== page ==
Egypt police are luring gay men through Grindr and arresting them

Crackdown on gay men began last month following a Mashrou' Leila concert in Cairo, where some members of the crowd waved rainbow flags.

Egyptian police are allegedly using dating apps like Grindr to lure gay men into hotel rooms with the intention of arresting them. The explosive claim has been made by a gender researcher with the Egyptian Initiative for Personal Rights.

Speaking to The Age newspaper, Dalia Abdel-Hameed said that she unearthed dozens of police reports which outline a ‘cultivation’ technique where suspected gay men are seduced via dating apps.

She further went on to add, “It’s related to the fact that men are using apps more than women and an obsession of who is being penetrated. There is this penetration mania in Egypt due to religious reasons, mostly.”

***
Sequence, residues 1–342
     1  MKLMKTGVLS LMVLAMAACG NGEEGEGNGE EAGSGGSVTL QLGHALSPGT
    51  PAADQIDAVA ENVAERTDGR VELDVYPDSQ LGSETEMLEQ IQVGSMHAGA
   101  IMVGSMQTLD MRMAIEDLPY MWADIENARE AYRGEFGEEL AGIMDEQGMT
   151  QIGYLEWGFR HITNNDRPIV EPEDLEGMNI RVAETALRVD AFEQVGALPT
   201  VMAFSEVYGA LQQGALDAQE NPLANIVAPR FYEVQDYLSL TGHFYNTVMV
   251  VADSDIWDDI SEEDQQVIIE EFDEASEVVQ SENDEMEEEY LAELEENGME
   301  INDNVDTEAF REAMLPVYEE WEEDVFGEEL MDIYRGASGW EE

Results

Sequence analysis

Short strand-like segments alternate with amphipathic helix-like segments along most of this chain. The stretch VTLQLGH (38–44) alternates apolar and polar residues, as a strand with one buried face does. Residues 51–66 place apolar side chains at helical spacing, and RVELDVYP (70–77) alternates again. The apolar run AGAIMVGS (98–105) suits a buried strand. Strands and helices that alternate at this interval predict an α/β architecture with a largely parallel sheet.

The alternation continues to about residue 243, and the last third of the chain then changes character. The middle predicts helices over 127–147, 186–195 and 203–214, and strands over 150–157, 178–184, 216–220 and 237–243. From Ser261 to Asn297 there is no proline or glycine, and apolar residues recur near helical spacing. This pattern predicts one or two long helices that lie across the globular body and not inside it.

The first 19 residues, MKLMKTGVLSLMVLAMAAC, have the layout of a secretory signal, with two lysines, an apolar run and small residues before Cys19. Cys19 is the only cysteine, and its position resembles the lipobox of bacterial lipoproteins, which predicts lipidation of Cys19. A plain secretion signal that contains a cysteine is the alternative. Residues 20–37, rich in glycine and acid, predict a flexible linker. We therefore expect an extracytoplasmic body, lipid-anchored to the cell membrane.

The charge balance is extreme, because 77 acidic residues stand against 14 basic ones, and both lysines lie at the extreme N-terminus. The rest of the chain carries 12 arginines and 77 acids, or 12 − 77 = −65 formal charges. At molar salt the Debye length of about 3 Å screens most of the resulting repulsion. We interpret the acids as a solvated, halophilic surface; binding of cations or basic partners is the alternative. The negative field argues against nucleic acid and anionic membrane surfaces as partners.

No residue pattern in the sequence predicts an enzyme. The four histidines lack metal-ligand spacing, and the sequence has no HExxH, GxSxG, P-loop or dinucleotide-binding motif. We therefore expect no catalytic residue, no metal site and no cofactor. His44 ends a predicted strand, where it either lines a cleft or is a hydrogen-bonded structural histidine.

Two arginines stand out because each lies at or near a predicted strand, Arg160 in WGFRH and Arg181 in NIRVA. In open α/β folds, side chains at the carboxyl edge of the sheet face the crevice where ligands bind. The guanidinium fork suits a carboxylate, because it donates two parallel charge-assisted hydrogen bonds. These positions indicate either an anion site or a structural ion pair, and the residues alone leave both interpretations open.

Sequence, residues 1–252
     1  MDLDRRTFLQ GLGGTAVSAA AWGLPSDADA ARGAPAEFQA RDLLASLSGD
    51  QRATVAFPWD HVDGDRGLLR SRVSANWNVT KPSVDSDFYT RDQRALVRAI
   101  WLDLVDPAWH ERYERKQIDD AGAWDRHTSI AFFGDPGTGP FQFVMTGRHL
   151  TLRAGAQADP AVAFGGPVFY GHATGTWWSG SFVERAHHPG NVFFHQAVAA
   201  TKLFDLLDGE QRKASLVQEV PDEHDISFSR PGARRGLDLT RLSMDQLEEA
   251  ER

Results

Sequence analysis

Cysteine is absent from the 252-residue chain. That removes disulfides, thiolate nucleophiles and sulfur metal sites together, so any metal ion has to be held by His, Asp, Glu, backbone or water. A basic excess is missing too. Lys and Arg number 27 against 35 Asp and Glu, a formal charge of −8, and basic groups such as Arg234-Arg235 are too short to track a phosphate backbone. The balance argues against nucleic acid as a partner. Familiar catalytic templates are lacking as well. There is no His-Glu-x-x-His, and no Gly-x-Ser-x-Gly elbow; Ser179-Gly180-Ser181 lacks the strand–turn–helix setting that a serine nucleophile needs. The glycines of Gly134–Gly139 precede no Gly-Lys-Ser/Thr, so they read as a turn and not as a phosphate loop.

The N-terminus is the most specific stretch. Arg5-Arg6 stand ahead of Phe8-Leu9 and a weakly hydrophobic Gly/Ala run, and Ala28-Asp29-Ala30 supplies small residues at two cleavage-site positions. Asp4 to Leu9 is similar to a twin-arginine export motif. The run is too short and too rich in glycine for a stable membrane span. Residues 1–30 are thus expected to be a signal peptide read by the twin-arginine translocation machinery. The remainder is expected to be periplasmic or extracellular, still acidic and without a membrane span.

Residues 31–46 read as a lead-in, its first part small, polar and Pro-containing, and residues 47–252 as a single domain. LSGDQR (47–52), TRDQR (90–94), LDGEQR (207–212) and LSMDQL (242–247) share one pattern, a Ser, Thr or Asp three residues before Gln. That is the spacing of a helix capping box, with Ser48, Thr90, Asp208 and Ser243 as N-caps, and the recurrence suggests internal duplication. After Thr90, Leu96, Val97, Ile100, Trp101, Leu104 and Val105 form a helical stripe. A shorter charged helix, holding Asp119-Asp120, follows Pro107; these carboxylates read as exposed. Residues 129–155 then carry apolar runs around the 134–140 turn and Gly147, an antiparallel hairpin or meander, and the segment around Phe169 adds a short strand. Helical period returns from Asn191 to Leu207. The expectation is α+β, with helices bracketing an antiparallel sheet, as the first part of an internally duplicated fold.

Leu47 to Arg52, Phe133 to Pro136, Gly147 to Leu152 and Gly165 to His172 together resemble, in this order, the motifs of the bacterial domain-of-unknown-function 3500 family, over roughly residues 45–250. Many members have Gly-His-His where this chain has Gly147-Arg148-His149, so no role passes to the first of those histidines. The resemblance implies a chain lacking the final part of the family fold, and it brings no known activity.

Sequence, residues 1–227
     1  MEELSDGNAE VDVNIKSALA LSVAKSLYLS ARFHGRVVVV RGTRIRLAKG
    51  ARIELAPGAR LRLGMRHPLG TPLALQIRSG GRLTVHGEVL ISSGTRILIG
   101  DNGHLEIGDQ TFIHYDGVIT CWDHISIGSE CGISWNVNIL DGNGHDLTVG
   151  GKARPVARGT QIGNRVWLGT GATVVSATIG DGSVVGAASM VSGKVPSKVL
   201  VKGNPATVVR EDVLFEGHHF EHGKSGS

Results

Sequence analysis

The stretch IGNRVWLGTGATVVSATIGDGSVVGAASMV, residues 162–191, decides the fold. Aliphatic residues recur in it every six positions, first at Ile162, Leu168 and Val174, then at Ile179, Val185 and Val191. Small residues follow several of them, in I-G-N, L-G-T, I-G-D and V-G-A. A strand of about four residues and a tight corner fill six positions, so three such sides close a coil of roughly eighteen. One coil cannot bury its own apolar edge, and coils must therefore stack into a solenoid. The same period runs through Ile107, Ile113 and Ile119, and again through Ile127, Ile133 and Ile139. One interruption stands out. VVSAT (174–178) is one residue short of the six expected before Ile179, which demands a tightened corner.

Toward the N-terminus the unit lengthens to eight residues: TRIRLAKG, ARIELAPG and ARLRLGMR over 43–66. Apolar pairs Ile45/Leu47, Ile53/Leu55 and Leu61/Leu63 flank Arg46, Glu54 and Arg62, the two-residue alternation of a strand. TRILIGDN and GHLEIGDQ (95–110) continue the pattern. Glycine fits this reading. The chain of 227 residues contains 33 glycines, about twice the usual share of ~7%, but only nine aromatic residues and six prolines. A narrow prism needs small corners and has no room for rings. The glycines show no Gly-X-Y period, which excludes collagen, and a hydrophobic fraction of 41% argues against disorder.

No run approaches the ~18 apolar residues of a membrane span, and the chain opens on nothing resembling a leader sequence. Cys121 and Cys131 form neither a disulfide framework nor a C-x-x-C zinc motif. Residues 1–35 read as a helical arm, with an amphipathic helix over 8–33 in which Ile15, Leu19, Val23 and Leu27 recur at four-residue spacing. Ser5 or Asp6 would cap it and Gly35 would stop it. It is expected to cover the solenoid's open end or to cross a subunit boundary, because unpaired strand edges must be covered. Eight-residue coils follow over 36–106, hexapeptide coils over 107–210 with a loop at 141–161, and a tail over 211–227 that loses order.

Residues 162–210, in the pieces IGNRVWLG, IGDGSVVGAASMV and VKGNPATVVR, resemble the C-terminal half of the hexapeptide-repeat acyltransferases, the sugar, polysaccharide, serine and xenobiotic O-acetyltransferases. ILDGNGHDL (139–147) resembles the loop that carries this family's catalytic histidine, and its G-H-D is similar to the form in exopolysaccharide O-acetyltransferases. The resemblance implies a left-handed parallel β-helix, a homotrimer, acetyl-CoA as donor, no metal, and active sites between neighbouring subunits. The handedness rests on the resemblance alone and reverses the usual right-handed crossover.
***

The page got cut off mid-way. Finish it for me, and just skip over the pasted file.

The violent ‘crackdown’ on gay men began last month following a Mashrou’ Leila concert in Cairo, where some members of the crowd waved rainbow flags.

Over 57 people have been arrested since the incident on charges of debauchery and sexual deviancy laws. Many of these have reportedly been lured through dating apps like Grindr.

While homosexuality is not illegal in Egypt, views towards the LGBT community are increasingly turning hostile, and the term ‘debauchery’ has allowed authorities to arrest gay men.

Interestingly, state media and the religious establishment are claiming that it’s a public duty to tackle the spread of homosexuality. Recently, a bill was proposed by MP Riyad Abdel Sattar that would make homosexuality illegal in Egypt if passed.

In an effort to combat this crackdown on LGBT+ people, gay dating apps Grindr and Hornet are issuing safety warnings and tips in Arabic to users in the region who are at risk of being targeted by authorities.

Grindr is using tips that include letting close ones know where you are going before you meet someone, double checking if you have mutual friends with the other user, and attempting to meet in a virtual space so you can be certain that you are talking to another LGBT+ person and not an undercover official.

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